Archives For takahe

November 20 marks the 70th anniversary of the rediscovery of the takehē – we take a look back at seven decades of progress, preservation and recovery.

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For nearly 70 years a group of passionate and dedicated people have been working hard to ensure takahē are never again considered extinct. Although the people have changed, the mission of returning takahē to the wild – having takahē roaming the native grasslands of mainland New Zealand – has always remained the same. Since rediscovery in 1948, Takahē Recovery has taken many forms and exists as one of the longest standing and progressive conservation stories in the world.

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What is so special about the red tussock on the Gouland Downs you might ask? Harry Broad, DOC writer in residence, explains why this “dull and boring” plant is worthy of admiration.

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It’s now over six weeks since the first 18 takahē took flight (so to speak) to their new home in Kahurangi National Park. Takahē Advocacy Ranger Julie Harvey updates us on the birds progress in their new home.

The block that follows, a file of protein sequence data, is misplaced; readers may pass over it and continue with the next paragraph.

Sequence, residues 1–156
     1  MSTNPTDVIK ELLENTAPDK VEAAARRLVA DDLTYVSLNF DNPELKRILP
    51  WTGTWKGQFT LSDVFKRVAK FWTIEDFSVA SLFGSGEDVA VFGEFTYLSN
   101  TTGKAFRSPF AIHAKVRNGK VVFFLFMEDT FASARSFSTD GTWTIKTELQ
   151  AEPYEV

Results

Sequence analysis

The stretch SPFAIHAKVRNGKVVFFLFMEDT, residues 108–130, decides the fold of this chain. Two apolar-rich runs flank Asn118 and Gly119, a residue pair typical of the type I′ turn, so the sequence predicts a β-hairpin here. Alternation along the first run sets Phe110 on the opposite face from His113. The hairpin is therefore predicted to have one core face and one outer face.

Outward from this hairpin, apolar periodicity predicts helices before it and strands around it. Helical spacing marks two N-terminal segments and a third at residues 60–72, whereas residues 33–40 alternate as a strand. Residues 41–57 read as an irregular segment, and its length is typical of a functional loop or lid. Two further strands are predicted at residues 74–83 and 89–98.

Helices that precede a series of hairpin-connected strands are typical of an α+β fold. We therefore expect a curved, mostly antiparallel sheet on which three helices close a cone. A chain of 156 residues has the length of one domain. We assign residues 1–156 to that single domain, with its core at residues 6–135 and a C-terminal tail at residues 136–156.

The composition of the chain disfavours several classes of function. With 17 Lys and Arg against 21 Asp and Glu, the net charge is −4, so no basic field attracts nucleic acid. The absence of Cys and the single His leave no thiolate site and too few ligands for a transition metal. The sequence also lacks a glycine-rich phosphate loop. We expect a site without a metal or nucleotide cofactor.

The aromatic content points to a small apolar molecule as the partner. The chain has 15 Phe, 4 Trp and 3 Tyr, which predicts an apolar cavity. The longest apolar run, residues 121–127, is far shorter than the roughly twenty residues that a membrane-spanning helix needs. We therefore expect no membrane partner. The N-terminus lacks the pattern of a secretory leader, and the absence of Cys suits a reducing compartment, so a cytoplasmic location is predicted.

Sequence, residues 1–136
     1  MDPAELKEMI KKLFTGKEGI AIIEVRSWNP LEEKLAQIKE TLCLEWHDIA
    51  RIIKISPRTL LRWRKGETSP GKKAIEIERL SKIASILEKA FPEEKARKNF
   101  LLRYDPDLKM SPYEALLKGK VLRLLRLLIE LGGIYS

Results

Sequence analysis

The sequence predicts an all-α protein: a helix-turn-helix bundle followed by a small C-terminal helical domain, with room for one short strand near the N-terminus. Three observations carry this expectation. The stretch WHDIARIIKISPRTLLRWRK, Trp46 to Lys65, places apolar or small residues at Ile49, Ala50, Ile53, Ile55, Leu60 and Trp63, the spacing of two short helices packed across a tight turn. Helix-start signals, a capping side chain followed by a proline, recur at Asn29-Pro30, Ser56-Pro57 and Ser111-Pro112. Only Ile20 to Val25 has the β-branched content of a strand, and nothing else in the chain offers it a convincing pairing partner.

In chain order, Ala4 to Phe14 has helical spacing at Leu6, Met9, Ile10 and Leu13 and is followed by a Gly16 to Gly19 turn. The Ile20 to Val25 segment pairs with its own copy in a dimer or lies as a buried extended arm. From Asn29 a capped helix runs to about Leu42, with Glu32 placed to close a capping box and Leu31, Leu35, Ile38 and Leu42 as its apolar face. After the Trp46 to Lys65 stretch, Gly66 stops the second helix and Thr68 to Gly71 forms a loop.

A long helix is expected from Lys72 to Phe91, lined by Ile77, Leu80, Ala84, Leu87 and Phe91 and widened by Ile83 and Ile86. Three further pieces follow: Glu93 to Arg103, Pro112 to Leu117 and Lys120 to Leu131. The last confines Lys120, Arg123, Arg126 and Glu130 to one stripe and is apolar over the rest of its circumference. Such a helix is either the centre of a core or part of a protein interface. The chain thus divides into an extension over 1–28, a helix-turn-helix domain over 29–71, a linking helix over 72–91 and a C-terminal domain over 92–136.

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Biodiversity Ranger Chris Bell was one of a team of people who worked to transfer Blitzen the takahē to his new home on Kapiti Island. Blitzen was transferred from the Burwood Takahē Centre to Kapiti Island this month to join single female Ihi.

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18 takahē are now roaming the tussock grasslands of Gouland Downs on the Heaphy Track. Takahē Advocacy Ranger Julie takes us behind the scenes of the recent takahē release in Kahurangi National Park.

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After 70 days, 14 helicopter flights and a large amount of stamina in the hot Southland summer, the 2017 Murchison Mountain takahē survey is complete.

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